Shortly after notifying the Feds he and Kate ate hustled onto a military cargo plane headed for Washington, DC. They have been joined by NASA’s Dr. Oglethorpe (Rob Morgan). At the White House they are put in the charge of a venal Pentagon general. He act ually charges them $20 for their snacks while they wait to see President Janie Orlean (Meryl Streep) about their urgent concern. Later the naifs are told that White House snacks are free.

The President, however, with her son Jason (Jonah Hill), whom she has appointed her chief of staff, has her mind set on the midterm elections which do not look good because of a sex scandal involving her Supreme Court nominee. The scientists wait and wait, and at the end of the day they are sent away, told to come back the next day. When they finally do get to meet with Orlean, she does not take their concerns seriously, blowing them off. With the encouragement of Dr. Oglethorpe, Kate and Randall decide to turn to the media. Unfortunately, their first appearance is on a morning talk show, and it will be at the end of the program. Hosted by Brie Evantee and Jack Bremmer the entertainment-oriented show is all too typical of most network daytime fluff. Played perfectly by Cate Blanchett and Tyler Perry, the pair of air-head hosts are far more interested in the romantic breakup of their first guest, pop star Riley Bana (Ariana Grande). Thus, when our scientists finally are brought out, the host’s desire to chit chat with them obscures Kate’s announcement that the comet spells the Earth’s doom. Kate explodes in a rage, her meltdown thus overshadowing her message. Randall, on the other hand, manages to keep his cool. He emerges as a public star, whereas Kate is the Cassandra scorned by all. But the resultant buzz is over the meltdown, and not the message.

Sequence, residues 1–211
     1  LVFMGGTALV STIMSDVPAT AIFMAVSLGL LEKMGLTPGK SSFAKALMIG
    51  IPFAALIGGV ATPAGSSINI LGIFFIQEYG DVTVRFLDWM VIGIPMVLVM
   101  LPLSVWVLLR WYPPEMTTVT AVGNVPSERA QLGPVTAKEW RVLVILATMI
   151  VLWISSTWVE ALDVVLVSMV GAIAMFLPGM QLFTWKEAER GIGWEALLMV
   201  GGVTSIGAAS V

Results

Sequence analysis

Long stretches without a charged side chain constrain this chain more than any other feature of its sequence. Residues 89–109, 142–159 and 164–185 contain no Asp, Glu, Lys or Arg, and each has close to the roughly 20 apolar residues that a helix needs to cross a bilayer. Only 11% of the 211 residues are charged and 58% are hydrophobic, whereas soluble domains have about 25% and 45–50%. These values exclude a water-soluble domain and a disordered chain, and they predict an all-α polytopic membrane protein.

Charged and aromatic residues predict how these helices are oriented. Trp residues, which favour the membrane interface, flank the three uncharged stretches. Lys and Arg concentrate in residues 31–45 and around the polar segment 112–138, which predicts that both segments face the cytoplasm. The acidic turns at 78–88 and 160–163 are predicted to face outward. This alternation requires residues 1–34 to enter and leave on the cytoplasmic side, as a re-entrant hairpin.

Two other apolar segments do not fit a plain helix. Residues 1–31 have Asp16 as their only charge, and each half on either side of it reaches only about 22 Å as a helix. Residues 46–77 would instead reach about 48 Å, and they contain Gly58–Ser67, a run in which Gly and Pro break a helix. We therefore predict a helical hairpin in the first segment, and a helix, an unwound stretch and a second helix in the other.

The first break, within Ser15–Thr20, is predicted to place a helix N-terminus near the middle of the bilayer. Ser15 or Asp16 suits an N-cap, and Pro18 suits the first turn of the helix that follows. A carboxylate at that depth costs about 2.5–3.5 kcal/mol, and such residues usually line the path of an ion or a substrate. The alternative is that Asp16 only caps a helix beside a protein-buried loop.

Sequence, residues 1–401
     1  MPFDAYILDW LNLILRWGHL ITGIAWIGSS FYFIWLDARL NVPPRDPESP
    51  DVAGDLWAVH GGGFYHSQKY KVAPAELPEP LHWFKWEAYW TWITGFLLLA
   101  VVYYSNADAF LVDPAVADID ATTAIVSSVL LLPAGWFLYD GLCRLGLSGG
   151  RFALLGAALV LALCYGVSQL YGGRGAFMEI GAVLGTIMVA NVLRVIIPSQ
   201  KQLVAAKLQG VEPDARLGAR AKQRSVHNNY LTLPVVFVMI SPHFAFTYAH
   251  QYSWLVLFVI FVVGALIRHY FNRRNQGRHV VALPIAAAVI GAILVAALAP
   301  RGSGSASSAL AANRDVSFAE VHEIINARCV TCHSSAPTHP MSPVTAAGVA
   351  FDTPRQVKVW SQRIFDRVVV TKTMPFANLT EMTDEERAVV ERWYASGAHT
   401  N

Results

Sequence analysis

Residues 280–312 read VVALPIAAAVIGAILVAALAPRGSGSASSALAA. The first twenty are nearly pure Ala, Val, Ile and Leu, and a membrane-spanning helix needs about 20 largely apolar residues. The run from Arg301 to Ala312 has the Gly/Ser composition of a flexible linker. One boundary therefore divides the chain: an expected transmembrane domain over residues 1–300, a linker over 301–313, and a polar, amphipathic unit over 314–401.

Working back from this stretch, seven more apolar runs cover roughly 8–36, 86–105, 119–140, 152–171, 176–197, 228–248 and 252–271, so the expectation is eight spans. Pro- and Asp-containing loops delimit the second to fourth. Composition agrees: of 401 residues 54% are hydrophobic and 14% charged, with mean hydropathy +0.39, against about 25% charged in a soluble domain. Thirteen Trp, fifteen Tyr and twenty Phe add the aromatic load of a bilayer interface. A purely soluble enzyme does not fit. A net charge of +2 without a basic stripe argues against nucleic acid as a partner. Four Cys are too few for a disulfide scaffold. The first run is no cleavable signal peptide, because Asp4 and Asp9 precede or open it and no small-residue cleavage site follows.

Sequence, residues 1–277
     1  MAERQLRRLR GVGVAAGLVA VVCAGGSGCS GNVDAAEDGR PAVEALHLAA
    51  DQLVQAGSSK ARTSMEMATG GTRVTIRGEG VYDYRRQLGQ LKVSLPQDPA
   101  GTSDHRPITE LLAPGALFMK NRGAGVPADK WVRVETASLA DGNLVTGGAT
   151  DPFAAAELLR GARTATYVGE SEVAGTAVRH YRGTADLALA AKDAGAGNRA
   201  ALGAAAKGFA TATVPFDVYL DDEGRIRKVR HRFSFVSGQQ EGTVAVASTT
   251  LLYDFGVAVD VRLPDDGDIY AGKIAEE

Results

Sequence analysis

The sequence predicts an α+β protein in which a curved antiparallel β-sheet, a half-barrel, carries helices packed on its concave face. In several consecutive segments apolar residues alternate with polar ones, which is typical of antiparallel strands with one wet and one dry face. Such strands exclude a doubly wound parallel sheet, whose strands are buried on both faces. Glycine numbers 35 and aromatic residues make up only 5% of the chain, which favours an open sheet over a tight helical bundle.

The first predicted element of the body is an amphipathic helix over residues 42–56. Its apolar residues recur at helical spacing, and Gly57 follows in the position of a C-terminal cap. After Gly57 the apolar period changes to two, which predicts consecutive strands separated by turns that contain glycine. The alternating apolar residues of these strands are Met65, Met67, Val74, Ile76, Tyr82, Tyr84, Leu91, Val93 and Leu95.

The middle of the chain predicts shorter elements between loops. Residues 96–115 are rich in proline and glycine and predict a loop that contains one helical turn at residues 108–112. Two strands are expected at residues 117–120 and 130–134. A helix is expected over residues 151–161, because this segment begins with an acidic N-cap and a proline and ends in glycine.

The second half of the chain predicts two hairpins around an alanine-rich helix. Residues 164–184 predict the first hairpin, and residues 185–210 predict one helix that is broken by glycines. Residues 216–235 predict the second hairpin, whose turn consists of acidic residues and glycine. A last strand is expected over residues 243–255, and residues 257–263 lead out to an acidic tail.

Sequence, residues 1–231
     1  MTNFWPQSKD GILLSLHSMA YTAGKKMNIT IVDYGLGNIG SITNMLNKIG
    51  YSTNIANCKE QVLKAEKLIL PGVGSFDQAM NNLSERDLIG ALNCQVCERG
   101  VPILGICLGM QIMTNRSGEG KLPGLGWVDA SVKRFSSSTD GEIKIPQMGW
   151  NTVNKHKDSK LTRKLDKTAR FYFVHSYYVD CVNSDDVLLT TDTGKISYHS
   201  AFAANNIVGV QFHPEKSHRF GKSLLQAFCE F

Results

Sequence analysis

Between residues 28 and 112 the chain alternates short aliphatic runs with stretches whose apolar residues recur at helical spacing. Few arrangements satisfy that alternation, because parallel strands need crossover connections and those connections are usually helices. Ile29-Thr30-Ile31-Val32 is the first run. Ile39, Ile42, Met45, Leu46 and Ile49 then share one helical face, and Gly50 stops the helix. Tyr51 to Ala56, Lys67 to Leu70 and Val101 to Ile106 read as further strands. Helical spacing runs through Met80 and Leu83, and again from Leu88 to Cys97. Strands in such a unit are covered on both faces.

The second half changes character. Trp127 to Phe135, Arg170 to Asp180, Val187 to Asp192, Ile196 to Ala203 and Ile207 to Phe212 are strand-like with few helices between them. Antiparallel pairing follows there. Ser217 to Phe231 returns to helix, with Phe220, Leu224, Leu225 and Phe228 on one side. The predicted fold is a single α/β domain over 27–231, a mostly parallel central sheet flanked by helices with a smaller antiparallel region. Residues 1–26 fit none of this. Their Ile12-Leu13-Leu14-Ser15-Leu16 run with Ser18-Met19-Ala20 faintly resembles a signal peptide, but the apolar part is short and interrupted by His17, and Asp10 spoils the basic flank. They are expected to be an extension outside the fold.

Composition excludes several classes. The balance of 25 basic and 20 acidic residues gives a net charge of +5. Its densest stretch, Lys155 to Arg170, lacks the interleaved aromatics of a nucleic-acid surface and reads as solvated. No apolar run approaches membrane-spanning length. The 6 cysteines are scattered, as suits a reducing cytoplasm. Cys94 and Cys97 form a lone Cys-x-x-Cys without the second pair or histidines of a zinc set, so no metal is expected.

There is more, including a momentary change of heart of the President who finds it politically expedient to launch a rocket to nuke the intruder and veer it off its path, as in the 1998 films Deep Impact and Armageddon. Ron Perlman is a hoot as the iron-jawed astronaut who volunteers to man the suicide mission. However shortly after lift-off, his mission is aborted, and he returns to Earth. This is because Peter Isherwel’s Elon Musk-like billionaire, being a major campaign donor, has the ear of the President. The scientists at his company have discovered that the comet contains trillions of dollars-worth of rare metals. He has convinced the President that it is preferable to merely break up the huge core rather than totally destroy it. The fragments supposedly will fall into the oceans where they can be mined. But will his plan work? Some scientists complain that the data underlying his claims have not been reviewed by non-company scientists. To counter Kate’s campaign to awaken the public to the danger that is becoming visible as the comet draws closer to Earth, the President and Isherwel counter with the mantra that becomes the name of the film, “Don’t look up.” Crowds of demonstrators face one another, one group urging the others to confront the scientific evidence, the other yelling “Don’t look up!”